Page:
Two of my grown-up daughters are home, asleep upstairs in their childhood beds. Only one word for how that makes me feel: blissful. (Bliss and bless–the lovely twins!)
Today I have a post over at the reading/writing blog I sporadically contribute to: www.fromthemixedupfiles.com
And because my own writing process remains mysterious to me, and because I love lists, I’m thankful to the YA writer Lanie Taylor for these 5 writing tips, which I intend to take to heart (especially # 5):
1. Know what you love. Try imagining the book that would light your heart and mind on fire if you came across it in a bookstore—the one that would quicken your pulse and keep you up all night reading. What would it be? Details, details: when, where, what, who? Think it up, imagine it fully, then bring it forth. That’s the book you should be writing.
2. Never sit staring at a blank page or screen. If you find yourself stuck, write. Write aboutthe scene you’re trying to write. Writing about is easier than writing, and chances are, it will give you your way in. You could try listing ten things that might happen next, or do a timed freewrite—fast, non-precious forward momentum; you don’t even have to read it afterward, but it might give you ideas. Try anything and everything. Never fall still, and don’t be lazy.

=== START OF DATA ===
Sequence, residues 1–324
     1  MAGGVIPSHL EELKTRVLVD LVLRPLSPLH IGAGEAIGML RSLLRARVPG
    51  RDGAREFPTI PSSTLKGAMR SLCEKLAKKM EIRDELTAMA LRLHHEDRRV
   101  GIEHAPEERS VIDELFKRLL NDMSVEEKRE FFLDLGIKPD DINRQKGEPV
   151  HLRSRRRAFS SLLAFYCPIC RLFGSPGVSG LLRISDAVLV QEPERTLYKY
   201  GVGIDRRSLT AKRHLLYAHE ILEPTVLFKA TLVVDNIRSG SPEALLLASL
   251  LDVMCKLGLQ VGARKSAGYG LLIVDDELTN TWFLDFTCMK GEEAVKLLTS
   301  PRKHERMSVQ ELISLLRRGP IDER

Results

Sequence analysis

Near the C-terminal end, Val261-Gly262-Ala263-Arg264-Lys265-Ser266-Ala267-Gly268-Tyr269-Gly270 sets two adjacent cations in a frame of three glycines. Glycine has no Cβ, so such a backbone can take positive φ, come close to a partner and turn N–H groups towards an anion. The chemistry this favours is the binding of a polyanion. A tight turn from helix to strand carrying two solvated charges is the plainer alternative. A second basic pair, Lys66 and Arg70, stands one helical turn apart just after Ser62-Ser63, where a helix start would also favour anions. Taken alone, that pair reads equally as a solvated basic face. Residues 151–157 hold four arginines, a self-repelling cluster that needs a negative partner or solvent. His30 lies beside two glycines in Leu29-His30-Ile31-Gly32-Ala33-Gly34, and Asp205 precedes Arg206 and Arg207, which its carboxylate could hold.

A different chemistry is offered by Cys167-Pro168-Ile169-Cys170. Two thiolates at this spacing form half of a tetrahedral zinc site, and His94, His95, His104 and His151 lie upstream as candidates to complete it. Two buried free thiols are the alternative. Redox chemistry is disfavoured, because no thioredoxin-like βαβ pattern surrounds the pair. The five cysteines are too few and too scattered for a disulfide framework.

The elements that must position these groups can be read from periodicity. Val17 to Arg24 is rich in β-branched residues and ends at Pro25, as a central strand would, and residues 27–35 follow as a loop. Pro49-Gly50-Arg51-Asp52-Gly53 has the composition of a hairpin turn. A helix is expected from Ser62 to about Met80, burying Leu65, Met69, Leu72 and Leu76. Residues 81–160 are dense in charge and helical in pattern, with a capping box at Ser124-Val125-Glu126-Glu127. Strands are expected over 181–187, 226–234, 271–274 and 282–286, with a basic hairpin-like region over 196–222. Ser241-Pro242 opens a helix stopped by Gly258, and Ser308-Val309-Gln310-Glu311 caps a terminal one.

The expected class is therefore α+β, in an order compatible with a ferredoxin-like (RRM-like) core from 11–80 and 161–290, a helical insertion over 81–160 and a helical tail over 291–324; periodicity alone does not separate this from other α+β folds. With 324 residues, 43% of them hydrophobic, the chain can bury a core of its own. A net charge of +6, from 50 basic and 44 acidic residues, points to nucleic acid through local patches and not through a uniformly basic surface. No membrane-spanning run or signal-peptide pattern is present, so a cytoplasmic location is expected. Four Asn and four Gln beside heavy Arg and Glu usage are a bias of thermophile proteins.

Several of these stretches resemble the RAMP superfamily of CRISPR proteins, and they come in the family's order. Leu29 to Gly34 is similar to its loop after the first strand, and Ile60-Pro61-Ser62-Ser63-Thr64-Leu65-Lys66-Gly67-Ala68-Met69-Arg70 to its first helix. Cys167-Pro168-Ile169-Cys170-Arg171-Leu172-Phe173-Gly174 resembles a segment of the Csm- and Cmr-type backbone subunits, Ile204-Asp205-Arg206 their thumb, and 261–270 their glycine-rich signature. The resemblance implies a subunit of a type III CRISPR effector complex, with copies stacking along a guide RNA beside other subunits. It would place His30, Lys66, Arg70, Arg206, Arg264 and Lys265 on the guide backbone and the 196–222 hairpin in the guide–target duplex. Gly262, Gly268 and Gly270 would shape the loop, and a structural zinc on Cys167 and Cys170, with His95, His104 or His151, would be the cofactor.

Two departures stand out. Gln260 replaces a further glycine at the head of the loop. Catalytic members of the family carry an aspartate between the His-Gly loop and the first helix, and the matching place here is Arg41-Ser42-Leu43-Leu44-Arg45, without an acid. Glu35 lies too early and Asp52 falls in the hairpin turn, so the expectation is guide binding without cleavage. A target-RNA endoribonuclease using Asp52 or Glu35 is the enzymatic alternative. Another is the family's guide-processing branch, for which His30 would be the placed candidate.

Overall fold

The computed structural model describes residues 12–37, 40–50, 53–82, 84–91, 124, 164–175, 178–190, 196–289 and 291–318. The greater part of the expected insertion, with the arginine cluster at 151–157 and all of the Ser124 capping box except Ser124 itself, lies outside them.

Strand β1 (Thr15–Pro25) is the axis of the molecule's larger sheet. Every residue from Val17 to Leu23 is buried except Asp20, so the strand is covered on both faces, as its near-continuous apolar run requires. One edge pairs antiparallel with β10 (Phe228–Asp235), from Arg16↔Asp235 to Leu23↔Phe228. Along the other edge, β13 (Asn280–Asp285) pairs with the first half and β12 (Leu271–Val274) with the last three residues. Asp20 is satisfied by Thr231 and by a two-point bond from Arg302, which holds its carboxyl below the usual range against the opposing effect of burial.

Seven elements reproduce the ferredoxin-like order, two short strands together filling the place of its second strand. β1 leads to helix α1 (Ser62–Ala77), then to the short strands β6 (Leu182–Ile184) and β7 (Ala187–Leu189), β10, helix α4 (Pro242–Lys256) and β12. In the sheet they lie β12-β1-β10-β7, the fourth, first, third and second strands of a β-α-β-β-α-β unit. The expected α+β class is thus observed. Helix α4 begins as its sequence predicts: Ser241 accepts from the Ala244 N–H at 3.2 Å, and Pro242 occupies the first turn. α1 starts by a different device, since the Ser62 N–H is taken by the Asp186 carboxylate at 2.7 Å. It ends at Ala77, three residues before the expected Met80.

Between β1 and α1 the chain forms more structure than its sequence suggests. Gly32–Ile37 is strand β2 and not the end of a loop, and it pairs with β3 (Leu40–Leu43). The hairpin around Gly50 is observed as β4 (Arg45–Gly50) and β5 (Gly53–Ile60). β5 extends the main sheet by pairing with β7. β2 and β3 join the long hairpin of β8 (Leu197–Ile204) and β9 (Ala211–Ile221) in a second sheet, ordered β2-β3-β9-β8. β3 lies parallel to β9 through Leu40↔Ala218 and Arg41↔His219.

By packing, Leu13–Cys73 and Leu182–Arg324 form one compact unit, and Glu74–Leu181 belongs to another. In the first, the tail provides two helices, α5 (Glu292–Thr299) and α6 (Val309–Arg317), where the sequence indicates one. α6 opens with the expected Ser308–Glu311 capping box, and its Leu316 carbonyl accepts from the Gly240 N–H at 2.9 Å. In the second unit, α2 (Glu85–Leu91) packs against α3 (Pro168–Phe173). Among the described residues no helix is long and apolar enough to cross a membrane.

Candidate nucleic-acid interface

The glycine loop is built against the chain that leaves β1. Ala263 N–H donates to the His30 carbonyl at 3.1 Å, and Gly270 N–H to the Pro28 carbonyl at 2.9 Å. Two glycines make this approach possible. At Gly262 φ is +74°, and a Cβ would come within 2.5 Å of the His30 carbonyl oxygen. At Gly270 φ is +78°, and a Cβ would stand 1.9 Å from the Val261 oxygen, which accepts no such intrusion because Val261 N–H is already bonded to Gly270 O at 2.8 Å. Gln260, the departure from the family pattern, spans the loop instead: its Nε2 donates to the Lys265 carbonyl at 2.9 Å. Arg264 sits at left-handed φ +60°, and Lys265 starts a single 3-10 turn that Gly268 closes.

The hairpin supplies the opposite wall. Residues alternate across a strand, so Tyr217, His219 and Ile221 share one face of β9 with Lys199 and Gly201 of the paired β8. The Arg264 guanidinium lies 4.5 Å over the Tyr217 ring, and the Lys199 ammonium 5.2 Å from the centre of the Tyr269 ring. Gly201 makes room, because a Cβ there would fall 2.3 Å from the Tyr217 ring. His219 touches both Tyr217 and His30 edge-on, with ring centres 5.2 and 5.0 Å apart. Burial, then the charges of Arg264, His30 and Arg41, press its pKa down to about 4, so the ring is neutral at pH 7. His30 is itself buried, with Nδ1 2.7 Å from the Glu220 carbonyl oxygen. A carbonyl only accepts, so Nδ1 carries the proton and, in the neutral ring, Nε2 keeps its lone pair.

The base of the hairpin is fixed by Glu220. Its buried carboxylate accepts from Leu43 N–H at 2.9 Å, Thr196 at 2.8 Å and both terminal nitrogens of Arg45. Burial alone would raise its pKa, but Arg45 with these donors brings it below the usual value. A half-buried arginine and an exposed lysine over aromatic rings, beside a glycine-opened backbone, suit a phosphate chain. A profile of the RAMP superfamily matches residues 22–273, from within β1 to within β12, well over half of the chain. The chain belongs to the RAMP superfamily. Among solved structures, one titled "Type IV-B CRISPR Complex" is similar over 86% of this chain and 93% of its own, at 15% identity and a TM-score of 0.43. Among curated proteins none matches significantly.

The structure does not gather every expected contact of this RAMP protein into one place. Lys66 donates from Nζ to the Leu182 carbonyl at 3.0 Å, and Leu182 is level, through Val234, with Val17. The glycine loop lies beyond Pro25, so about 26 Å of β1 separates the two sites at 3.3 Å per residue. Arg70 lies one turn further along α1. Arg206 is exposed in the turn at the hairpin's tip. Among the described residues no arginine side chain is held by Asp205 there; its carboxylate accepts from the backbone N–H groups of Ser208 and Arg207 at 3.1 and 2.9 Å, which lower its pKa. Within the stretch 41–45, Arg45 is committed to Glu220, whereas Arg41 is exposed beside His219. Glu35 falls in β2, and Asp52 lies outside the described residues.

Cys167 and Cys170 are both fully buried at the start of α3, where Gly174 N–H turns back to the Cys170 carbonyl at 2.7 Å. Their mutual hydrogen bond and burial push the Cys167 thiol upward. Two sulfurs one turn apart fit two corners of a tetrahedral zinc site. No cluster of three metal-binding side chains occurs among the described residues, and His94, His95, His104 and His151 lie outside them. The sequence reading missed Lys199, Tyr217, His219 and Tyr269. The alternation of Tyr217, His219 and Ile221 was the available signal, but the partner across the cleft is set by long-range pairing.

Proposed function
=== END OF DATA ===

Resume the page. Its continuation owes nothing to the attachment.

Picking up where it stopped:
3. Eliminate distractions. Eliminate internet access. Find/create a place and time where you won’t be bothered. Noise-canceling headphones are great. Hotel-writing-sprees are even better if you can make that happen every once and a while: total dedicated writing time. During my second draft pass on my last book I made 20,000 words happen in a week, which is practically supernatural for me, and it would never have been possible without three nights in a hotel in my own city. It’s an incredible splurge, and a huge liberation, and you might just deserve it!
4. Get your characters talking. Dialogue is the place that books are most alive and forge the most direct connection with readers. It is also where we as writers discover our characters and allow them to become real. Get them talking. Don’t be precious. Write dialogues. Cultivate the attitude that every word you write need not end up in the book. Some things are just exercises, part of the process of discovery. Be willing to do more work than will show. The end result is all that matters. Be huge and generous and fearless.
5. Be an unstoppable force. Write with an imaginary machete strapped to your thigh. This is not wishy-washy, polite, drinking-tea-with-your-pinkie-sticking-out stuff. It’s who you want to be, your most powerful self. Write your books. Finish them, then make them better. Find the way. No one will make this dream come true for you but you.
Down with pinkies! Up with machetes! Grab that wishbone and go!